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Let’s separate fact from fiction in the war on fat and sugar

Nadja Pinnavaia

You may have read last week’s New York Times‘ article that spoke of the body of academic evidence that was suppressed over 50 years ago, which directly linked sugar consumption to cardiovascular disease. The article discussed how the sugar industry funded alternative studies to make fat, instead of sugar, the culprit of the increasing prevalence of coronary heart disease. The rest, as we now know, is history.

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The subsequent low-fat movement resulted in the creation of low-fat, “Let’s throw out the fat and add lots of sugar to make it taste good,” high-carb prepared foods, most of us grew up with and demanded (0 percent fat fruit yogurt, anyone?) The results? Cardiovascular disease still remains our number one killer. We have even more obesity and type II diabetes, even amongst children. It’s safe to say that the low-fat movement did not fix the problem.

Let’s talk now about the anti-movement. Along came the Atkins diet – the anti-carb, high protein, high-fat movement. Now we throw out all the carbs and the pendulum swings the other way. Out goes both simple and complex carbohydrates. Simple carbs are those that spike your blood sugar, the highly-refined grains and added sugar that the food industry got us addicted to in order to meet the low-fat demand. Complex carbohydrates on the other hand are the whole grains and starchy vegetables that are filled with nutrition and fiber. They’re the good guys that don’t spike our blood sugar. They slow down our digestion and keep us feeling full by providing a steady stream of energy.

So now we’re throwing out all carbs, swapping out some of the good guys and loading up on animal protein and saturated animal fat. Numerous academic studies (see Dr. Michael Greger’s book “How Not To Die” for a comprehensive compilation of such research) have shown that an animal protein-heavy diet increases the risk of atherosclerosis (plaque of the arteries), which is heart disease. So we still haven’t fixed the problem. Out of the frying pan, into the fire.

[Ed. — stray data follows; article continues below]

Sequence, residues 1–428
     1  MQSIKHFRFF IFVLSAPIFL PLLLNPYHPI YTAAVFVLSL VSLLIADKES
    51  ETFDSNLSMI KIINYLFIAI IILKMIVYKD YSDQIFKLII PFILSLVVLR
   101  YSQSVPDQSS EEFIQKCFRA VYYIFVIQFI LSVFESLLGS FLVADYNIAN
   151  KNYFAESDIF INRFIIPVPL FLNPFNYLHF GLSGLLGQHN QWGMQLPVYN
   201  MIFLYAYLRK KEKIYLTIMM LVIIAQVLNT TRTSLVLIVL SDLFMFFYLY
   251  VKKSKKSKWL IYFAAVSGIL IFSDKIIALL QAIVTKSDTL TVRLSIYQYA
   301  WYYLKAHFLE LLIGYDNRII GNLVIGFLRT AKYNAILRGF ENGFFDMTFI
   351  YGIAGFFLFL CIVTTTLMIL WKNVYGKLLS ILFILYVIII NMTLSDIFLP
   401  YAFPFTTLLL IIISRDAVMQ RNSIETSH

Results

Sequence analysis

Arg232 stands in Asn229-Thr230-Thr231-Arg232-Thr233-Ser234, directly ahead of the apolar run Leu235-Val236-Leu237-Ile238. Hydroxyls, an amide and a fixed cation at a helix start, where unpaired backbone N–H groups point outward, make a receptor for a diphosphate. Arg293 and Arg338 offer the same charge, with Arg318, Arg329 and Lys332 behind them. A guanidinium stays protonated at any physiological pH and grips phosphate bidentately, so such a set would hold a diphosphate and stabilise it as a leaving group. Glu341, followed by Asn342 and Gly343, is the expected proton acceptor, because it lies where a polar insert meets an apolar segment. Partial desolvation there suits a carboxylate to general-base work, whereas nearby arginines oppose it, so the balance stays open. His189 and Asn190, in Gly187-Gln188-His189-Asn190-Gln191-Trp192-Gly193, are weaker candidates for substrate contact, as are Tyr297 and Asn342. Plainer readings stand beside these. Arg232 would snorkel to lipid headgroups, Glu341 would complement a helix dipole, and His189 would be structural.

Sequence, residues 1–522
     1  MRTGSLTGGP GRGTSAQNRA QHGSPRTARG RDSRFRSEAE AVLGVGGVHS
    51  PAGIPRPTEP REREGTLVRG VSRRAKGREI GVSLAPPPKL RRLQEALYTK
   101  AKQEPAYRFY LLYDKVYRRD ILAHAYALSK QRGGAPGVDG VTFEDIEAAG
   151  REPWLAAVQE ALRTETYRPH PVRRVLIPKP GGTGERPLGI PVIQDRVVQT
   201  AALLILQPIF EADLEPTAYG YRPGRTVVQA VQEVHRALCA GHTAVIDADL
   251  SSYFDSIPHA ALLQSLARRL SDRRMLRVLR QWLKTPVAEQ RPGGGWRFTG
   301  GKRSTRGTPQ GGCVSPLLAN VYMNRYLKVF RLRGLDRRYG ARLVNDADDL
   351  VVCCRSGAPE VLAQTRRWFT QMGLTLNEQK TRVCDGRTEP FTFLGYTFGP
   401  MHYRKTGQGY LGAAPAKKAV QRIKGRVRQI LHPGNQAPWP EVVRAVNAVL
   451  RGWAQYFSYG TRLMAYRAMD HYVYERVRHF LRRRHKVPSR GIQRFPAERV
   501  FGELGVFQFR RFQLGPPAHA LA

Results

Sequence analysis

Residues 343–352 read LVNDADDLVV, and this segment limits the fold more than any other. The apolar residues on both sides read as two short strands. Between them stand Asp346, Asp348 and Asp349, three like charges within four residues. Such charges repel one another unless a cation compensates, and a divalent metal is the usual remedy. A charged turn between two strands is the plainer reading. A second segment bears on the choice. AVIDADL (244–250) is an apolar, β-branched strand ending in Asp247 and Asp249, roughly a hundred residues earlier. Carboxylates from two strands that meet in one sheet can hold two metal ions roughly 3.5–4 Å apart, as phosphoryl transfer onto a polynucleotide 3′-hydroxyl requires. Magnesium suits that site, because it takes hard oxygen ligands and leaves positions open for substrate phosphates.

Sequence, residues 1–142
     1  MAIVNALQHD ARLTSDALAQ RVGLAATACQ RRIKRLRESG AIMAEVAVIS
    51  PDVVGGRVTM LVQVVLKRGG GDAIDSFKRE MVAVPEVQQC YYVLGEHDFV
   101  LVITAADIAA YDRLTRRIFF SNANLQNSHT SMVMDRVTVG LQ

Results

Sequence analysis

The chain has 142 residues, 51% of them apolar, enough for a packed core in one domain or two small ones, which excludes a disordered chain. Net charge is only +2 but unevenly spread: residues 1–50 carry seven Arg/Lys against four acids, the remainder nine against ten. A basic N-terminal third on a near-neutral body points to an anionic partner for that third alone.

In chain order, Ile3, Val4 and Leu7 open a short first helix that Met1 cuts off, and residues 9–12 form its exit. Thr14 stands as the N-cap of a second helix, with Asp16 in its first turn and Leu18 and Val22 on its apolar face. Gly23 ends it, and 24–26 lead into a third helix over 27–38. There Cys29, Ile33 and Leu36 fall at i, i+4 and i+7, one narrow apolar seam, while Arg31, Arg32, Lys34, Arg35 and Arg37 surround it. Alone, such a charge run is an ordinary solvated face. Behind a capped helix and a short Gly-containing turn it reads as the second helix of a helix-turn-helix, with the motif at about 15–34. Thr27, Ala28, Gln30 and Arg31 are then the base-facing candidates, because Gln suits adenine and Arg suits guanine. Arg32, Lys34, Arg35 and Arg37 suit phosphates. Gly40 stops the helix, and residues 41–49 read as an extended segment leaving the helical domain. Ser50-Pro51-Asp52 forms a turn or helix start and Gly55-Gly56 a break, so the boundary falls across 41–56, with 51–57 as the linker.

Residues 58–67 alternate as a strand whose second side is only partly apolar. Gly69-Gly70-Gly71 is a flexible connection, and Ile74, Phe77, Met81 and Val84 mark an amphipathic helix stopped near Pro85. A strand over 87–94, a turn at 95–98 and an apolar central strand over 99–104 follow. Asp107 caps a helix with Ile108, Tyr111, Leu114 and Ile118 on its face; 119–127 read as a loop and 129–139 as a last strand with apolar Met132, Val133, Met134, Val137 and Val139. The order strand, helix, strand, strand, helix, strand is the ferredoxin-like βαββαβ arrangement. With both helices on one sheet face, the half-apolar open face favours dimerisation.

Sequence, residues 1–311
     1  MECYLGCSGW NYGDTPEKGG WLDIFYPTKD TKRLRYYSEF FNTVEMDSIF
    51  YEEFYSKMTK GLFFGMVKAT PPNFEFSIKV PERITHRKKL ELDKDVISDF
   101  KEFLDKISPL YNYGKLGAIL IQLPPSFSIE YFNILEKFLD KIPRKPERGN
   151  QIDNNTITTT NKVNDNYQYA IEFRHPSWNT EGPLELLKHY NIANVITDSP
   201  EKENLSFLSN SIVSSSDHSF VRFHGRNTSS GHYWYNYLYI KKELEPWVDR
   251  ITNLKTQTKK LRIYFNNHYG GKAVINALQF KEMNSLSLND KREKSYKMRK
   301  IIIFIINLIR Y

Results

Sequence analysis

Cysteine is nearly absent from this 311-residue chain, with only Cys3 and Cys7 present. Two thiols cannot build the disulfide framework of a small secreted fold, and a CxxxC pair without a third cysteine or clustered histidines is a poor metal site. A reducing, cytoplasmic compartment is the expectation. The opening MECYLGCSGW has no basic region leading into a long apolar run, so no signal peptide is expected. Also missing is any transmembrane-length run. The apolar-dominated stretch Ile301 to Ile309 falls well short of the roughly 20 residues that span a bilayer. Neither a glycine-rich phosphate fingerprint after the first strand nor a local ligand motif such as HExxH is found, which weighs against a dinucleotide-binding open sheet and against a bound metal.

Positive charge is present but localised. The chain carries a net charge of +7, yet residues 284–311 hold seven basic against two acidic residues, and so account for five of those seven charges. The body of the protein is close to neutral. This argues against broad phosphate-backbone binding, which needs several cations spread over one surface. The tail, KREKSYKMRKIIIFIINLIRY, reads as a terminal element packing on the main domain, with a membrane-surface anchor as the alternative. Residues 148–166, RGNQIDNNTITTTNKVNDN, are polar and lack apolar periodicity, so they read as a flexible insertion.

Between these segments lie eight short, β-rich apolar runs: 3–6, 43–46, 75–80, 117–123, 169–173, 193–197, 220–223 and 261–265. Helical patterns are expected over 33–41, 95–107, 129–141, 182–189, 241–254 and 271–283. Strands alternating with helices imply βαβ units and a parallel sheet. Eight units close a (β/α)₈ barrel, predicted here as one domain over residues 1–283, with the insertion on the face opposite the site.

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No wonder there is confusion. So what’s the right answer? For body and brain health, we need all three macro-nutrients:

  • complex carbohydrates for energy
  • protein for cell health
  • good for you fat for brain & heart health, body temperature regulation, and as an energy reserve

Not one of these macro-nutrient categories is bad. We just need the right mix of the good versions, not the bad versions. Which means eating:

  • predominantly complex carbohydrates, not simple (highly-refined, sugary) – Not all carbs are the enemy!
  • predominantly plant-based protein, not animal
  • predominantly good for you fat, as found in avocado, olive oil, salmon, nuts, and seeds

Sound familiar?

Cutting the sugar and the refined stuff, improves health. Period. Upping the plant protein at the expense of animal products reverses the damage that we do to our arteries day after day. It’s not that complicated. Let’s cut the crap and go back to eating balanced, high-quality, whole food. There’s no big industry that should be able to cover that one up.

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Nadja Pinnavaia, Founder & CEO of Euphebe & the E28 ReBoot

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